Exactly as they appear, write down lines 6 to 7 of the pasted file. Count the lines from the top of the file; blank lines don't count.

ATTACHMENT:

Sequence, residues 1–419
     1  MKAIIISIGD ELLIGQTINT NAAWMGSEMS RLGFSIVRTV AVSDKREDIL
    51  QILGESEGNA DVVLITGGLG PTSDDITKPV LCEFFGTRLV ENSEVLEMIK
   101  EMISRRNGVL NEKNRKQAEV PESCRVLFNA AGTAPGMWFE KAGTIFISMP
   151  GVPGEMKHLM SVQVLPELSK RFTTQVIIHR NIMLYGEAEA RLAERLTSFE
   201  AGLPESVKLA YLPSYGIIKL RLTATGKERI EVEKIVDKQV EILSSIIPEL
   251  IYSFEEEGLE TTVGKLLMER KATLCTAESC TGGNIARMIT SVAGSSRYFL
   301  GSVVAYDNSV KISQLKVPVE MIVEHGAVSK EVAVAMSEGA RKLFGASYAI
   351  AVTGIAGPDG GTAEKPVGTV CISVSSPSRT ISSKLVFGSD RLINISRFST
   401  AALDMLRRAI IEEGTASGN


   201  AGLPESVKLA YLPSYGIIKL RLTATGKERI EVEKIVDKQV EILSSIIPEL
   251  IYSFEEEGLE TTVGKLLMER KATLCTAESC TGGNIARMIT SVAGSSRYFL